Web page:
In March 2016 I had the privilege of speaking at an “end times” conference in Long Island, New York which was hosted by Pastor Michael Miano of Blue Point Bible Church. I wrote about that here and here. One of the other speakers, Apostle Johnny Ova, impacted me with his words about living worthy of the kingdom of God, praying and declaring life instead of death. and how the state of this world is a direct reflection of the strength of the Church. At one point, he expressed dismay at the words of some Christians who are complaining about ISIS and Islam and even wishing death upon Muslims around the world. He said:

“Do you know what I want to see? I want to see everyone of them get saved and give their lives to Christ. That’s what I want to see. To me that would be an unbelievable miracle. Imagine that – a revival in ISIS, that no one wants to kill them anymore; all ISIS wants to give God praise now. To me that would cause shock waves throughout the whole entire world. Why aren’t we praying for that? If we would pray as much as we complain, we would see some genuine change in this world.”

Amen. Johnny’s entire message (26 minutes) can be seen here. This is a clip of the part (21:25 – 23:55) that impacted me the most:

Let’s be people who realize the power of the kingdom that we possess, and work and pray together to cast down mountains even as that mountain was cast down long ago.

30 AD – 70 AD: “The Crimson Thread Remained Crimson”


In about 30 AD, Jesus said something to the scribes, Pharisees, and people of Jerusalem which must have been earth-shattering to His audience at the time: “See! Your house is left to you desolate” (Matthew 23:38).  This mirrors what happened in the days of Jeremiah: “I have forsaken My house, I have left My heritage; I have given the dearly beloved of My soul into the hands of her enemies” (Jer. 12:7).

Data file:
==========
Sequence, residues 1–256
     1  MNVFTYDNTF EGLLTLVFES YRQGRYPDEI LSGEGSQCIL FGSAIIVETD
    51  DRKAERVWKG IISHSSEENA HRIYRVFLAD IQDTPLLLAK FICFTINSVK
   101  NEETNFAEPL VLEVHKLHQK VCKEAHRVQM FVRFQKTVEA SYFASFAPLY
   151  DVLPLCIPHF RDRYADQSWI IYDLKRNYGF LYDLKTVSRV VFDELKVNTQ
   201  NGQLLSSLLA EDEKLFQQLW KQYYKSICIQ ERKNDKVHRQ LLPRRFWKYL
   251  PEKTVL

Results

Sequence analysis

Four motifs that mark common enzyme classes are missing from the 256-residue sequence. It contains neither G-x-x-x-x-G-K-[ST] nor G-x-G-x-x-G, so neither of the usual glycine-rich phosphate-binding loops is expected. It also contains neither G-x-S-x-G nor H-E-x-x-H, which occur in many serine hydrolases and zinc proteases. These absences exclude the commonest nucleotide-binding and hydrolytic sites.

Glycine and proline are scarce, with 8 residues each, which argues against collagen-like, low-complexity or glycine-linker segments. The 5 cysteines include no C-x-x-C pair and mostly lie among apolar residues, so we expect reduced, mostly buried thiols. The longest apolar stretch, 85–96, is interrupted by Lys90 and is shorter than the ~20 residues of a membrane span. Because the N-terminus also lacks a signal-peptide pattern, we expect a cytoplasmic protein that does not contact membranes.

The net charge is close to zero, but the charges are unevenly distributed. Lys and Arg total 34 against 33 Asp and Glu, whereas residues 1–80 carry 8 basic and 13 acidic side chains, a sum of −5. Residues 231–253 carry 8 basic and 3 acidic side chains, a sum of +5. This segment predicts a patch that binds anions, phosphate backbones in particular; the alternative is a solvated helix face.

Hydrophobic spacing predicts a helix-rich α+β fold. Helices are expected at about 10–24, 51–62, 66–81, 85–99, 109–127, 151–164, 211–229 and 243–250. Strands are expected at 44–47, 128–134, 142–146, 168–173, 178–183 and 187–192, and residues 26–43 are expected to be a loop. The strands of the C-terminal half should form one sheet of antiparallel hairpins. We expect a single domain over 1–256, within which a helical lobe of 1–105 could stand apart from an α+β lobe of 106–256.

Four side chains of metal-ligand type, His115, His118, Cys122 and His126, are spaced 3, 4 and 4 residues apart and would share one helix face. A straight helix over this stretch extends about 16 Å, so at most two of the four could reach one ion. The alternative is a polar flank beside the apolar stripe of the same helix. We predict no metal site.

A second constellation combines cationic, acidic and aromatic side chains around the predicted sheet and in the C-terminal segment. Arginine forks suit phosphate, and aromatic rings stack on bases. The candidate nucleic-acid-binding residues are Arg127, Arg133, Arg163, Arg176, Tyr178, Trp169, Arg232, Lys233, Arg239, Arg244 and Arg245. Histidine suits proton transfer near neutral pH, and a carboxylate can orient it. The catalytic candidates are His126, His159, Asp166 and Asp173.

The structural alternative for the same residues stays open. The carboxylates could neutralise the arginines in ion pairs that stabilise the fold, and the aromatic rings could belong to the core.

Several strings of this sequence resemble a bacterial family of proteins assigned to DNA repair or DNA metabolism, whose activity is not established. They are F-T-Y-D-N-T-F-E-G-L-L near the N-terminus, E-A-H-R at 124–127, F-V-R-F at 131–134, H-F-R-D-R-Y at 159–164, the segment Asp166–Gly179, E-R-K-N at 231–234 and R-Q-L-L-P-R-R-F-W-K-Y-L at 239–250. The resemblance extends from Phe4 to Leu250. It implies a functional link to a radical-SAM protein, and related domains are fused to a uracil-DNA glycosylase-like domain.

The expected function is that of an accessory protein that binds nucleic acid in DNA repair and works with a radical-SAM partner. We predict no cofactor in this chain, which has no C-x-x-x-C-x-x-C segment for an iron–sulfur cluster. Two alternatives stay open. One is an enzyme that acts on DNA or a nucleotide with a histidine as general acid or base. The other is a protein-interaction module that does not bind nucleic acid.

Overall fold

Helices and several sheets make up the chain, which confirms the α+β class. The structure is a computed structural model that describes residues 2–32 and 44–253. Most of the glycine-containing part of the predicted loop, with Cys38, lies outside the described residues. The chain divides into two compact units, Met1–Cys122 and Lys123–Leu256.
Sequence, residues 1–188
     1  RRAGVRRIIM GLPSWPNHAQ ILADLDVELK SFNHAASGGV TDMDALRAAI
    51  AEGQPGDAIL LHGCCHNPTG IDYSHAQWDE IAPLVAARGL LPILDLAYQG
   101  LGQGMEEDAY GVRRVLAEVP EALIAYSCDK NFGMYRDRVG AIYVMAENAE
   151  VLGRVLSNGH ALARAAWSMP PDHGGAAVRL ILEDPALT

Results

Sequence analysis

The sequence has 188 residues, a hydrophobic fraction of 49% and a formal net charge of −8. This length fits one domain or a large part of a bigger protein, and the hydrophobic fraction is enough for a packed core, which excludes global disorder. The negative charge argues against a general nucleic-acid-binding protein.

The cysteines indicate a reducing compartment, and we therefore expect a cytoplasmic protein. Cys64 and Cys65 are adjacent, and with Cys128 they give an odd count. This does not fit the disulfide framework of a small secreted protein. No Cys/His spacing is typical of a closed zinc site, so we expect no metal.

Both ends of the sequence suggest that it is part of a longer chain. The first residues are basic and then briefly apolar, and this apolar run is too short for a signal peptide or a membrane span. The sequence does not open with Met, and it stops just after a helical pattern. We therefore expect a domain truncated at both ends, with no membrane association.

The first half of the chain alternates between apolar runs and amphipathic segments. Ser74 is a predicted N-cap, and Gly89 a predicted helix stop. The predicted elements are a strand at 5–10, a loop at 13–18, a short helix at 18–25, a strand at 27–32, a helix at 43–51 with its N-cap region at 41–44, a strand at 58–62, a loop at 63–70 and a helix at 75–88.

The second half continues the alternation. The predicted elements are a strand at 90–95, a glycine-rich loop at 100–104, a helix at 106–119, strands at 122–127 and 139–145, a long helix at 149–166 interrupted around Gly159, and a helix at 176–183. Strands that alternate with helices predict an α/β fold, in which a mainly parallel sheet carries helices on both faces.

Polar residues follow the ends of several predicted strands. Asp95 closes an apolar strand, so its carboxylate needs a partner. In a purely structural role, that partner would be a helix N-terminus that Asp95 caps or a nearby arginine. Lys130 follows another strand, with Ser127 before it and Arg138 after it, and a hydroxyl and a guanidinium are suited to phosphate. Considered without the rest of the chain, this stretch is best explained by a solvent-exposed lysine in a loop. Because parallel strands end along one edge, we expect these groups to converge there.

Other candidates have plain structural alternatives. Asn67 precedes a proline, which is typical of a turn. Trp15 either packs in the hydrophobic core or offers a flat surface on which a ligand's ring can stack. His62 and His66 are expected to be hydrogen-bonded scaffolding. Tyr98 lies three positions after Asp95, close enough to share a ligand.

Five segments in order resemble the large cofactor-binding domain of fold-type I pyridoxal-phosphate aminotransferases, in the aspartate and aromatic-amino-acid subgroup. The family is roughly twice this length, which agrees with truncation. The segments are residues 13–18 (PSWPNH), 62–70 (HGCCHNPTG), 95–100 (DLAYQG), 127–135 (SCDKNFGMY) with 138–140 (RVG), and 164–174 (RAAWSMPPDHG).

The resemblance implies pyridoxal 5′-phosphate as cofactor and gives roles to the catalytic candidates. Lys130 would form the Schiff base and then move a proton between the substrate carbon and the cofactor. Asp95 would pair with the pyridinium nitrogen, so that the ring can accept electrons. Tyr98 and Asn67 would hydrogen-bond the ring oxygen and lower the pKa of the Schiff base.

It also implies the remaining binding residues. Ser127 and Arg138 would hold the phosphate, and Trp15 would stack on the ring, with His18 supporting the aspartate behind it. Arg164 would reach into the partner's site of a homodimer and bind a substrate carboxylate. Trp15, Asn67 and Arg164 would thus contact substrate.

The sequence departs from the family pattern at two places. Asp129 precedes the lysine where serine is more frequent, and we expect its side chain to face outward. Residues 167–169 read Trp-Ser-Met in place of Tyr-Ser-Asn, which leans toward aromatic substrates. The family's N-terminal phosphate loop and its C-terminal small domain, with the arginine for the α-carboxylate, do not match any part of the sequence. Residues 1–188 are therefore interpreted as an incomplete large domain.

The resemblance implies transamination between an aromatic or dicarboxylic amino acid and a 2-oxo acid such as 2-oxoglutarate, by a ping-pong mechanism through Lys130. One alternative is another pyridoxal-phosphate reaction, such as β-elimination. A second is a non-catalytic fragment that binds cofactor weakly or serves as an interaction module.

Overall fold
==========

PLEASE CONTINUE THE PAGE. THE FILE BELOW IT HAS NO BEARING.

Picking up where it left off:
Notice that Jesus didn’t say the temple belonged to His Father, but instead He referred to it as “your” house (speaking to the people of Jerusalem). As we will see, even secular history provides a stark depiction of the desolation of the temple and the once holy city of Jerusalem during the next 40 years, before they were destroyed by the Romans in 70 AD.

The Talmud is an important text within Rabbinic Judaism, made up of both oral teachings and interpretations of these teachings. The earlier collection is known as the Jerusalem Talmud and the later collection, compiled between the 3rd and 5th centuries AD, is known as the Babylonian Talmud. Both of them have fascinating things to say about the 40 year period between Jesus’ ascension and the temple’s destruction in 70 AD:

[1] Jerusalem Talmud:

“Forty years before the destruction of the Temple, the western light went out, the crimson thread remained crimson, and the lot for the Lord always came up in the left hand. They would close the gates of the Temple by night and get up in the morning and find them wide open” (Jacob Neusner, The Yerushalmi, p.156-157). 

[2] Babylonian Talmud: